‘From quiet homes and first beginnings, out to the undiscovered ends, there’s nothing worth the wear of winning but laughter and the love of friends’
Hilaire Belloc’s ’Dedicatory Ode’
Christopher Hitchens died the other day.
To me, Hitchens was an inspired writer. His writing was articulate, amazing, cogent and sparkling throughout with literary gems and original thoughts. He was a master who could craft the perfectly expressed thought and clearly present the most inspired original idea. He could nail the most devastating argument; or voice the most scornfully appropriate criticism; or coin the most delightful term. And because we were both the same age, and shared a similar taste for dark humor, I persuaded myself that I had at least something in common with this complex man whose writing has given me such pleasure over the years – even when I disagreed with him.
You can probably find dozens of tributes by his famous admirers, and samples of his writing on line (here’s one of my favorites) but I particularly was struck by the impromptu eulogy in his brother Richard’s blog today, and from which I take Belloc’s poem quoted above. The post thanks people for their kind wishes and then takes Christopher’s courage as its topic:
“Much of civilisation rests on the proper response to death, simple unalloyed kindness, the desire to show sympathy for irrecoverable less, the understanding that a unique and irreplaceable something has been lost to us. If we ceased to care, we wouldn’t be properly human…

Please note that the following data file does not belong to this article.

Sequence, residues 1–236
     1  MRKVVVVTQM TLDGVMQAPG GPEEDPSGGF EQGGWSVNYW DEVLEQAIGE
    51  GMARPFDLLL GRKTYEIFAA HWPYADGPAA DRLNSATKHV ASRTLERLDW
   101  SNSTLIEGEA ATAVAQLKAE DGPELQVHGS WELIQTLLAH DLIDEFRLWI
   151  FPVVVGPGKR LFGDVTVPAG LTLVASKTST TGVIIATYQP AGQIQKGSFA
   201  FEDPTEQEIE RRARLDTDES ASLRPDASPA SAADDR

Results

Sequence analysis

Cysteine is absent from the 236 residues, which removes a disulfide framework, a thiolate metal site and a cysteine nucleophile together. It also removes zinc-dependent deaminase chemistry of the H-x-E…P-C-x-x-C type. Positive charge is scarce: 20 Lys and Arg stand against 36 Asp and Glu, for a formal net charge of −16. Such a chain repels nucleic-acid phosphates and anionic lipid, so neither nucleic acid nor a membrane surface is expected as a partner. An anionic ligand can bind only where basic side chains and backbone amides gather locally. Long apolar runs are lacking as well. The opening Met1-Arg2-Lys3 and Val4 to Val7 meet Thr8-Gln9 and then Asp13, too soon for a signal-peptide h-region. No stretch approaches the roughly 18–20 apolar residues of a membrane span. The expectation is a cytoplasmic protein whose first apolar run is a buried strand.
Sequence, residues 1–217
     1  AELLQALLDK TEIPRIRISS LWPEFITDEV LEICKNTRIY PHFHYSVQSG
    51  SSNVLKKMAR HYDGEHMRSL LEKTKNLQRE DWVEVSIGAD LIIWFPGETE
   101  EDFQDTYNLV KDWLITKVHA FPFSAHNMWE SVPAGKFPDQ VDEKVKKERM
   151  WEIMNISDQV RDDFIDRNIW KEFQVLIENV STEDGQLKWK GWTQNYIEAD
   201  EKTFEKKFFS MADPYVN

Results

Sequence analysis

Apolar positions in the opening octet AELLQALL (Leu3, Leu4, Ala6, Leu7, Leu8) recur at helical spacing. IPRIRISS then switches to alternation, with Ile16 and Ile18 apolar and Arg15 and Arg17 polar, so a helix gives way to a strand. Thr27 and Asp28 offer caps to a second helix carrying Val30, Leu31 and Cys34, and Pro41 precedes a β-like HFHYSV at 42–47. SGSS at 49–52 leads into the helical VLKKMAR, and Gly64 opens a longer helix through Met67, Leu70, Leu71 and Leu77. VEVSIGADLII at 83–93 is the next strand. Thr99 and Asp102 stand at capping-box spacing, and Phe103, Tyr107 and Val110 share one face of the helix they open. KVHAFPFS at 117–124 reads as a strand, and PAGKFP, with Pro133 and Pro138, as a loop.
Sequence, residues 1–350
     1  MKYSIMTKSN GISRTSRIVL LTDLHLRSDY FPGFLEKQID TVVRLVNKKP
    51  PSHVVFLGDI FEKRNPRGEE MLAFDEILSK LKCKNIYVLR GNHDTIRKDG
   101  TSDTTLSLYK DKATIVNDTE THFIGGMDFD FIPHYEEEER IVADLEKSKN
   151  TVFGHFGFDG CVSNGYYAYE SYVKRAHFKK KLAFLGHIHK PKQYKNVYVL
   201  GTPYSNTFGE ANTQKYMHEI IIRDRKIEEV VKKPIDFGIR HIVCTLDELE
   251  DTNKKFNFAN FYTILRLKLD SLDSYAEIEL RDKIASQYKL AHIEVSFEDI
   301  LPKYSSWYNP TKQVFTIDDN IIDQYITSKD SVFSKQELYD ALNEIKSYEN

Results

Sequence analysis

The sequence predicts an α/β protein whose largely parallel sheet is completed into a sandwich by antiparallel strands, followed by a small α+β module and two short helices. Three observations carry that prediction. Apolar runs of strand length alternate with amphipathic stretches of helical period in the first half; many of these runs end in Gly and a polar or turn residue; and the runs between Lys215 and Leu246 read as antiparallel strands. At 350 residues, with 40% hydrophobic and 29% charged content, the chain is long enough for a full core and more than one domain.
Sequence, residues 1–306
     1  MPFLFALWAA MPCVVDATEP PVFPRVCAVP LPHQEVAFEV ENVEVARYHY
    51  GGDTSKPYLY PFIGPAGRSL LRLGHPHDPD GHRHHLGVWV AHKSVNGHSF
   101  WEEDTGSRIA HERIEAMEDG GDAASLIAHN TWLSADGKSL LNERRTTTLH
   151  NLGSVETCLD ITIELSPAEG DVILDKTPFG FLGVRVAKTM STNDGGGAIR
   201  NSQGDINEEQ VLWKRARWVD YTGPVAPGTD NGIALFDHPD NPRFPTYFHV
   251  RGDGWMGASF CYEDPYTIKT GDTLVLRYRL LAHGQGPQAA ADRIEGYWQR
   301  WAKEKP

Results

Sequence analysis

“Here’s a thing I will say now without hesitation, unqualified and important. The one word that comes to mind when I think of my brother is ‘courage’. By this I don’t mean the lack of fear which some people have, which enables them to do very dangerous or frightening things because they have no idea what it is to be afraid. I mean a courage which overcomes real fear, while actually experiencing it…
“He would always rather fight than give way, not for its own sake but because it came naturally to him…
“Courage is deliberately taking a known risk, sometimes physical, sometimes to your livelihood, because you think it is too important not to… I’ve mentioned here before C.S.Lewis’s statement that courage is the supreme virtue, making all the others possible. It should be praised and celebrated, and is the thing I‘d most wish to remember…”
Peter Hitchens on the death of his brother Christopher Hitchens on 12/15/11